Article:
Abandoned Property

When you abandon property, you voluntarily and permanently give up possession with the intent to terminate your ownership, so it is just the same as disposing of the property. Abandonment represents a total loss of your investment or interest in the property. If the property is business or investment property, you may have a deductible loss and the loss may be an ordinary loss, as opposed to a capital loss, even if the property is a capital asset. The amount of the loss is the adjusted basis of the property at the time of the abandonment and the loss is deducted in the year the loss occurred.

Note: you cannot deduct any loss from abandoning your home or other personal use property.

For example, if you purchased your home, say in February 2008 for $200,000 and 3 months later you lost your job causing you to default on your payments. Eventually you abandon your home by permanently moving out on August 8, 2008. At the time of the abandonment, the mortgage loan balance was $188,000 and the fair market value was only $155,000.
As a result, you have a nondeductible loss of $200,000 or the adjusted basis on the property. The rules associated with foreclosures and repossessions must be followed when the lender subsequently forecloses or repossesses the property.
If you are liable for the debt secured by the abandoned property, and the debt is cancelled, you have ordinary income equal to the cancelled debt. This income is separate from any loss realized from the abandonment and must be reported on your tax return unless you qualify for an exception or exclusion.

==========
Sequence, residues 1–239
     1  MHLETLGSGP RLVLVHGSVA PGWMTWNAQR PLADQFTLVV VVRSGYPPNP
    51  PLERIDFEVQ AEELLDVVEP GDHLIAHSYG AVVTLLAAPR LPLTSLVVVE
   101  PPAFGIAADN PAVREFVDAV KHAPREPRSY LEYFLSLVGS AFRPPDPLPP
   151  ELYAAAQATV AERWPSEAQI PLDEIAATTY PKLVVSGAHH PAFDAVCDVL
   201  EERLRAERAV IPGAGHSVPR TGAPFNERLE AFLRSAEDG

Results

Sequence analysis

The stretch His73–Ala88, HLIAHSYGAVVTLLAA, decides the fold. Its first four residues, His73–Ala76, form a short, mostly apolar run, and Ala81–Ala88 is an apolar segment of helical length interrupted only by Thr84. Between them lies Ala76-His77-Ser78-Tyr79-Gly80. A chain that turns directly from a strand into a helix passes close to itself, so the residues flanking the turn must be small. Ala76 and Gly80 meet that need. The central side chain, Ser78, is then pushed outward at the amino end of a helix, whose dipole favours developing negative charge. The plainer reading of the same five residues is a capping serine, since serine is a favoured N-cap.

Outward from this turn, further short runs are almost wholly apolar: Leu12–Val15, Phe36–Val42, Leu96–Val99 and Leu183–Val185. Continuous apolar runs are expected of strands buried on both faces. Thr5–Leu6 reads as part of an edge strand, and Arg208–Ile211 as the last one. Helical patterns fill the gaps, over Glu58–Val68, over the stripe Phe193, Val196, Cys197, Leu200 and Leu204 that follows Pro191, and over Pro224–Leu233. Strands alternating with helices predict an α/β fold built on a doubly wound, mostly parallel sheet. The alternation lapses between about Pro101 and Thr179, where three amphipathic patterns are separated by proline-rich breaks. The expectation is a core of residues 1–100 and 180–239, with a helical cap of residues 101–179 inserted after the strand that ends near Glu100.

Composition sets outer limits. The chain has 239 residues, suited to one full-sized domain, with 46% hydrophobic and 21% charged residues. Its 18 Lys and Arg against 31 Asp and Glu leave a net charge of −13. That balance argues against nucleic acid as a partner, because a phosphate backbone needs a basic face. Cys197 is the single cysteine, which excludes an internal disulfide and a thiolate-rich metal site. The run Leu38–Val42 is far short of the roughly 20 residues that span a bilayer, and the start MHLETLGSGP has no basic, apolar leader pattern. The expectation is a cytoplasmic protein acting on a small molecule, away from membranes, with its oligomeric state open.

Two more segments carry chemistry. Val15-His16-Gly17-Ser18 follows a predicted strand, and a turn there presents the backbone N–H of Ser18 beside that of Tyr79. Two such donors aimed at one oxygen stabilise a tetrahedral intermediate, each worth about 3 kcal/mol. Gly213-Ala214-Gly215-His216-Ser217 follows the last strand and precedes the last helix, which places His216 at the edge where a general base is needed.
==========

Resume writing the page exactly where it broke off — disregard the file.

The lender normally furnishes a Form 1099-A, Foreclosures and Abandonment, to figure your loss. However, if the lender later cancels the debt, you will receive a Form 1099-C instead of the 1099-A that includes the information about the abandonment.
The same exceptions that apply to foreclosures and repossessions also apply to abandonment. This income does not have to be reported as ordinary taxable income if the cancellation was intended as a gift, the debt was qualified farm debt or qualified real property business debt, or you were insolvent or bankrupt.

If you are faced with this tax nightmare, please contact us immediately for tax relief!!


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